I love it. Really love it. I don’t have a hierarchy of Asian food, but I’d say Thai and Indian are my favorites. I prefer highly spiced food.

I ate a lot of home-cooked food as a guest on both of my trips to Chennai, and even though our hosts graciously tried to keep the spice toned down for us Yanks, it still felt like my tongue was going to crawl off to the nearest can of milk for a nice three-year soak. Which is how I discovered curd, Indian-style plain yogurt, served almost ubiquitously on the side at every meal. Very cooling, that. Without it, I do believe I’d be speaking in ASL now.

#11 Comment By MikeRamsey On February 1, 2013 @ 12:19 am

Could it be time for a limerick contest using the correct pronunciation for Pho?

#12 Comment By Adam DeVille On February 1, 2013 @ 1:46 am

If your book tour takes you to Dayton, OH, make sure you hit up Thai 9, in a dumpy part of town but with fantastic food. The fried scallops in spicy chili sauce were incredible, as was everything else on their huge menu.

#13 Comment By M_Young On February 1, 2013 @ 3:32 am

My county has the largest Vietnamese/Vietnamese descended population in the nation. Is the food good? Yes. Was it worth the Southeast Asian gangs, the sex parlors, the ‘coffeebars’ with the very scantily clad women. No. Was it worth the displacement of the white working class? No. Not by a long shot.

Selling your birthright for a mess of pho, indeed!

#14 Comment By Tyler On February 1, 2013 @ 9:12 am

Peter H says:
I live 7 blocks from University Avenue in Saint Paul, which has a large concentration of Vietnamese restaurants, along with two very good Thai restaurants.

Jeffersonian says:
And over on Snelling south of the state fair and Como Park are a couple of great Korean places [or at least were. Haven’t been to StP. in about eight years]. Bulgogi and ddukgalbi to my heart’s content. Yum.

I live 4 blocks off University and Snelling, and I work on Energy Park! Too much great food. I’m pretty attached to pho, but we try to go to a different place for lunch every Friday. Today I’m pulling for [4]. Love Hmongtown Marketplace too.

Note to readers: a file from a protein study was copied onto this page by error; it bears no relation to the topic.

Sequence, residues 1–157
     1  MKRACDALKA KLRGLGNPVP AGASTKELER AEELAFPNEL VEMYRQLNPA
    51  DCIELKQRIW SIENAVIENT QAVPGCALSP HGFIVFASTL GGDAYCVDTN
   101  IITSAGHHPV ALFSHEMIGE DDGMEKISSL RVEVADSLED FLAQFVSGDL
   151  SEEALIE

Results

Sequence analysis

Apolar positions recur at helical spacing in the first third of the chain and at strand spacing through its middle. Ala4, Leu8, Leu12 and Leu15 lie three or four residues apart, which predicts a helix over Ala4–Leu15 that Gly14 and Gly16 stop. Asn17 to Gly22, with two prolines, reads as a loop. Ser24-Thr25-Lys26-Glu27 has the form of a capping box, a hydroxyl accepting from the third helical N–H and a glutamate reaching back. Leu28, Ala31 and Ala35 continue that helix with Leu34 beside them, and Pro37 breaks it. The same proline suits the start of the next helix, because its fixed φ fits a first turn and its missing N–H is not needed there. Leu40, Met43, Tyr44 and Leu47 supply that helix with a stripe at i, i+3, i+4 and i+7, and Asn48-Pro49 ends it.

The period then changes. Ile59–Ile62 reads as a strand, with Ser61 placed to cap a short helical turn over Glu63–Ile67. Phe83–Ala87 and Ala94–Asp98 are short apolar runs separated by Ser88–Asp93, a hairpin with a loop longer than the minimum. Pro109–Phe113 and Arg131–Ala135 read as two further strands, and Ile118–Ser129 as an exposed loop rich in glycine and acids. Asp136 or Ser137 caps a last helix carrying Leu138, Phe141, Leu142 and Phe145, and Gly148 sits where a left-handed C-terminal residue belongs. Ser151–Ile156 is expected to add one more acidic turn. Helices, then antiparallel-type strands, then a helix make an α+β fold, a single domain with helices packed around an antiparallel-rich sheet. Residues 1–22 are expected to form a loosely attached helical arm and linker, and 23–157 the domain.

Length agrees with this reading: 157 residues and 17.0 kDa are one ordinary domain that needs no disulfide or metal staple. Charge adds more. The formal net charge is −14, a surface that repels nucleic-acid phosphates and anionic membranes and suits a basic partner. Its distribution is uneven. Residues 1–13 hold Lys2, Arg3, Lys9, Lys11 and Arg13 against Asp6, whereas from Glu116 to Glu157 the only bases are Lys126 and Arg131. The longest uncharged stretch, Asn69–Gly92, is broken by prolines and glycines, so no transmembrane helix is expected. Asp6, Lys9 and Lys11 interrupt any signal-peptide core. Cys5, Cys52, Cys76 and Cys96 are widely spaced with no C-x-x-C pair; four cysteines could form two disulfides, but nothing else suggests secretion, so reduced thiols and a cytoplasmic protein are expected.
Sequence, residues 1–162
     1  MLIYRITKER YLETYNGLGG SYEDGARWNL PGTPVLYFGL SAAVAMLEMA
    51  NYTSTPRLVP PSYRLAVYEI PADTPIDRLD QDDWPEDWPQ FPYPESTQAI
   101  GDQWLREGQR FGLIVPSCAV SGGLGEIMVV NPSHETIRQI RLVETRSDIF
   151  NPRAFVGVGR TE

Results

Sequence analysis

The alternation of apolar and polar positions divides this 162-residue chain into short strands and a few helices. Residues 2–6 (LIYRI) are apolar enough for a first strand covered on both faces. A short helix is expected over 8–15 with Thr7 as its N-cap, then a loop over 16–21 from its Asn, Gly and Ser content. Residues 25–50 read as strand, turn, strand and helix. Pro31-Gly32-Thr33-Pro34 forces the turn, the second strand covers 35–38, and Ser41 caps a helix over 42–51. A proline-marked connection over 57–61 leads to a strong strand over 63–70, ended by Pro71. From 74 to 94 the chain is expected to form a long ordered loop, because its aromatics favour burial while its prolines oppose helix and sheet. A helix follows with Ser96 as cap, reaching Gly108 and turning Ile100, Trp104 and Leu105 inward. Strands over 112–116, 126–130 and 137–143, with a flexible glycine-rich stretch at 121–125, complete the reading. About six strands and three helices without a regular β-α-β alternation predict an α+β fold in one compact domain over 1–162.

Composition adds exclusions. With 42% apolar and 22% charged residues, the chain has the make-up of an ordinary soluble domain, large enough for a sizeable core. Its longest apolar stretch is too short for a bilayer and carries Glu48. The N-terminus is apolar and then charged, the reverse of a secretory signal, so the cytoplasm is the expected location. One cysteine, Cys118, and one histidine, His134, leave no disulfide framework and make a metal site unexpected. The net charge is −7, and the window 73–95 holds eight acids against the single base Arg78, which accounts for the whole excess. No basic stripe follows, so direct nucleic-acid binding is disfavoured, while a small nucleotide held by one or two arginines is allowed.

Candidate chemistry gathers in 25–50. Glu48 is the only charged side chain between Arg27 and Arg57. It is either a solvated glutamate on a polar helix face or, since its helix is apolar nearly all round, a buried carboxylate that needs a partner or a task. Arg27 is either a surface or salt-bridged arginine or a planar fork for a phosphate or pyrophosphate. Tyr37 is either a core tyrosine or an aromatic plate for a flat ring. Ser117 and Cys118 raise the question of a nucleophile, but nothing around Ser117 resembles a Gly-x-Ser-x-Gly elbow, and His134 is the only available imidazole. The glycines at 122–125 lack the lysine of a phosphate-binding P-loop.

Negative 13 degrees at sunrise. Give me something to warm my soul.

#15 Comment By Mike On February 1, 2013 @ 10:49 am

If you’re ever back in Philly,Rod, you must try Rangoon in Chinatown. Their Burmese food is stellar & the crispy lentil fritters are transcendental !

#16 Comment By Peter H On February 1, 2013 @ 4:06 pm

Jeffersonian: Two of the three Korean restaurants are still in business. The biggest of the three changed hands a couple of times before going bust.

As you probably know, Indian food gets hotter as you move south. Chennai is about as hot as it gets. The next step up is Sri Lankan food.

Tyler, we should get together over a meal sometime.

#17 Comment By David J. White On February 2, 2013 @ 11:46 am

Could it be time for a limerick contest using the correct pronunciation for Pho

I suppose the third and fourth lines could be,

I ate some bad Pho
And I threw it up — Bleugh!

***

As you probably know, Indian food gets hotter as you move south. Chennai is about as hot as it gets. The next step up is Sri Lankan food.

As many have observed, countries closer to the Equator seem to have spicier cuisines. Several explanations for this have been suggested, but the one I favor is that before modern refrigeration, food was more likely to spoil in hotter climates, and spices help mask the taste of rancid ingredients, esp. meat that has gone off.

#18 Comment By Peter H On February 2, 2013 @ 2:34 pm

I assume it was the owner of Saigon, a Vietnamese restaurant in Saint Paul, who had a Hummer that sported a vanity license plate: PHO KING.